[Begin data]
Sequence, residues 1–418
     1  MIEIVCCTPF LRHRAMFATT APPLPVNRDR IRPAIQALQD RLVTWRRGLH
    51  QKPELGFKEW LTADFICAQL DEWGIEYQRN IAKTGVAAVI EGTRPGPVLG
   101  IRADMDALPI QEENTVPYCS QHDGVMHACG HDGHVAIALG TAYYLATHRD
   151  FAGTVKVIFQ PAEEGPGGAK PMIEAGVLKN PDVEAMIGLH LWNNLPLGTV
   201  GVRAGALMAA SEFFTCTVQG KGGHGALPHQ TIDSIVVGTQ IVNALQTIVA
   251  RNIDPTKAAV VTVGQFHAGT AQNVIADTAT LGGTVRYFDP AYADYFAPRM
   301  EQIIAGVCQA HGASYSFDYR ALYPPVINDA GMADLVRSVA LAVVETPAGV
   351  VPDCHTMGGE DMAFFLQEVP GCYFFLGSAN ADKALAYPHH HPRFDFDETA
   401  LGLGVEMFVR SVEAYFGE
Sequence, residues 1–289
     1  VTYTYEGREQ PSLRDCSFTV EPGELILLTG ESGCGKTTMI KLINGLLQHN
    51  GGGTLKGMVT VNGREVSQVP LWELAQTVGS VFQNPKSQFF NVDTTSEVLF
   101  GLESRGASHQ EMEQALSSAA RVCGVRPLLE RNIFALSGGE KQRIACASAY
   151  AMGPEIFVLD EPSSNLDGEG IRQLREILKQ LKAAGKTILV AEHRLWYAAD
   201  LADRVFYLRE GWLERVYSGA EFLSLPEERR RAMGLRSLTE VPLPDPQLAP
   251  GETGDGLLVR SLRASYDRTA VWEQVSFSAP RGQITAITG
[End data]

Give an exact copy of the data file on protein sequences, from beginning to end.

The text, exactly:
Sequence, residues 1–418
     1  MIEIVCCTPF LRHRAMFATT APPLPVNRDR IRPAIQALQD RLVTWRRGLH
    51  QKPELGFKEW LTADFICAQL DEWGIEYQRN IAKTGVAAVI EGTRPGPVLG
   101  IRADMDALPI QEENTVPYCS QHDGVMHACG HDGHVAIALG TAYYLATHRD
   151  FAGTVKVIFQ PAEEGPGGAK PMIEAGVLKN PDVEAMIGLH LWNNLPLGTV
   201  GVRAGALMAA SEFFTCTVQG KGGHGALPHQ TIDSIVVGTQ IVNALQTIVA
   251  RNIDPTKAAV VTVGQFHAGT AQNVIADTAT LGGTVRYFDP AYADYFAPRM
   301  EQIIAGVCQA HGASYSFDYR ALYPPVINDA GMADLVRSVA LAVVETPAGV
   351  VPDCHTMGGE DMAFFLQEVP GCYFFLGSAN ADKALAYPHH HPRFDFDETA
   401  LGLGVEMFVR SVEAYFGE
Sequence, residues 1–289
     1  VTYTYEGREQ PSLRDCSFTV EPGELILLTG ESGCGKTTMI KLINGLLQHN
    51  GGGTLKGMVT VNGREVSQVP LWELAQTVGS VFQNPKSQFF NVDTTSEVLF
   101  GLESRGASHQ EMEQALSSAA RVCGVRPLLE RNIFALSGGE KQRIACASAY
   151  AMGPEIFVLD EPSSNLDGEG IRQLREILKQ LKAAGKTILV AEHRLWYAAD
   201  LADRVFYLRE GWLERVYSGA EFLSLPEERR RAMGLRSLTE VPLPDPQLAP
   251  GETGDGLLVR SLRASYDRTA VWEQVSFSAP RGQITAITG